Rosenkranz explores a host of fascinating questions, such as whether Zionists sought to silence Einstein’s criticism of their movement, whether Einstein was the real manipulator, and whether this Zionist icon was indeed a committed believer in Zionism or an iconoclast beholden to no one.

Einstein on Politics: His Private Thoughts and Public Stands on Nationalism, Zionism, War, Peace, and the Bomb
Edited by David E. Rowe & Robert Schulmann
Check out Chapter 1
A vivid firsthand view of how one of the twentieth century’s greatest minds responded to the greatest political challenges of his day, this work will forever change our picture of Einstein’s public activism and private motivations.

zeeEinstein’s German World
Fritz Stern
Read the Introduction
At once historical and personal, provocative and accessible, this book illuminates the issues that made Germany’s and Europe’s past and present so important in a tumultuous century of creativity and violence.

Einstein Gravity in a Nutshell
A. Zee
Read the Introduction
This unique textbook provides an accessible introduction to Einstein’s general theory of relativity, a subject of breathtaking beauty and supreme importance in physics.
Check out the In a Nutshell series

Celebrate Women’s History Month with PUP

March is Women’s History Month. Women’s History Month pays tribute and celebrates the struggles, contributions, and achievements of American women throughout the history of the United States. This year, join Princeton University Press in celebrating all women — both past and present, near and far. This year, we’ve compiled a reading list with some of our best books on women. Grab a book and get reading!

herrinPoets in the Public Sphere: The Emancipatory Project of American Women’s Poetry, 1800-1900
Paula Bernat Bennett
Read the Introduction.
Based entirely on archival research, this book traces the emergence of the “New Woman” by examining poetry published by American women in newspapers and magazines between 1800 and 1900.

Odd Couples: Extraordinary Differences between the Sexes in the Animal Kingdom
Daphne J. Fairbairn
Looking at some of the most amazing creatures on the planet, this book sheds astonishing light on what it means to be male or female in the animal kingdom. Fairbairn also considers humans and compares our own sexual differences against the vast divisions between the sexes in the animal world.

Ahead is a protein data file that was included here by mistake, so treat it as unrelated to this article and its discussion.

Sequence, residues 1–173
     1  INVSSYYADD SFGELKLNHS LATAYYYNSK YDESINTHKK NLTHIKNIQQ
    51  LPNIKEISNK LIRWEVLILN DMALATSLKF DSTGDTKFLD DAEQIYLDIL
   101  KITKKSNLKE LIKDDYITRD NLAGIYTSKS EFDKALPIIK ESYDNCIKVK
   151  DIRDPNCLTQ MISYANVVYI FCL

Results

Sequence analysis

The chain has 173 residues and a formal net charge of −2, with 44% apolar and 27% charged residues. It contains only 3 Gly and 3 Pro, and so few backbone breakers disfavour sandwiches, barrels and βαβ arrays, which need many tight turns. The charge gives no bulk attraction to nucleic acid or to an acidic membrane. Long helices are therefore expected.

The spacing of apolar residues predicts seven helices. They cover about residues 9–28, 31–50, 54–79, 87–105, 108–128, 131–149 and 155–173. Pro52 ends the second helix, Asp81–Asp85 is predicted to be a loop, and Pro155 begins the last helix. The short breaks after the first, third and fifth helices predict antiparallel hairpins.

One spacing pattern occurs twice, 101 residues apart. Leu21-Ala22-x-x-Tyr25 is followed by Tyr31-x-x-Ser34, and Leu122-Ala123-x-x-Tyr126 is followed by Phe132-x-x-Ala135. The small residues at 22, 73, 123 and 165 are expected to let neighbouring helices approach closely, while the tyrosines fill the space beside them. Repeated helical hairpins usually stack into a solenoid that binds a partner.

sontagUnrivalled Influence: Women and Empire in Byzantium
Judith Herrin
Read the Introduction.
This book explores the exceptional roles that women played in the vibrant cultural and political life of medieval Byzantium. Written by one of the world’s foremost historians of the Byzantine millennium, this landmark book evokes the complex and exotic world of Byzantium’s women, from empresses and saints to uneducated rural widows.

Making Silence Speak: Women’s Voices in Greek Literature and Society
Edited by André Lardinois & Laura McClure
Check out Chapter 1.
This collection attempts to recover the voices of women in antiquity from a variety of perspectives: how they spoke, where they could be heard, and how their speech was adopted in literature and public discourse.

pietyNotes on Sontag
Phillip Lopate
Read the Introduction
From our Writers on Writers series, Lopate shows how Sontag raised the bar of critical discourse and offered up a model of a freethinking, imaginative, and sensual woman. Honest yet sympathetic, Lopate’s engaging evaluation reveals a Sontag who was both an original and very much a person of her time.

Politics of Piety: The Islamic Revival and the Feminist Subject
Saba Mahmood
Check out Chapter 1.
This work is a groundbreaking analysis of Islamist cultural politics through the ethnography of a thriving, grassroots women’s piety movement in the mosques of Cairo, Egypt. This is essential reading for anyone interested in issues at the nexus of ethics and politics, embodiment and gender, and liberalism and post-colonialism.

marcusBetween Women: Friendship, Desire, and Marriage in Victorian England
Sharon Marcus
Read the Introduction.
Deeply researched, powerfully argued, and filled with original readings of familiar and surprising sources, this book overturns everything we thought we knew about Victorian women and the history of marriage and family life. It offers a new paradigm for theorizing gender and sexuality–not just in the Victorian period, but in our own.

Mothers of Conservatism: Women and the Postwar Right
Michelle M. Nickerson
Read the Introduction.
This book tells the story of 1950s southern Californian housewives who shaped the grassroots right in the two decades following World War II. Nickerson describes how red-hunting homemakers mobilized activist networks, institutions, and political consciousness in local education battles, and she introduces a generation of women who developed political styles and practices around their domestic routines.

okinWomen in Western Political Thought
Susan Moller Okin, With a new introduction by Debra Satz
In this pathbreaking study of the works of Plato, Aristotle, Rousseau, and Mill, Susan Moller Okin turns to the tradition of political philosophy that pervades Western culture and its institutions to understand why the gap between formal and real gender equality persists.

Worlds of Women: The Making of an International Women’s Movement
Leila J. Rupp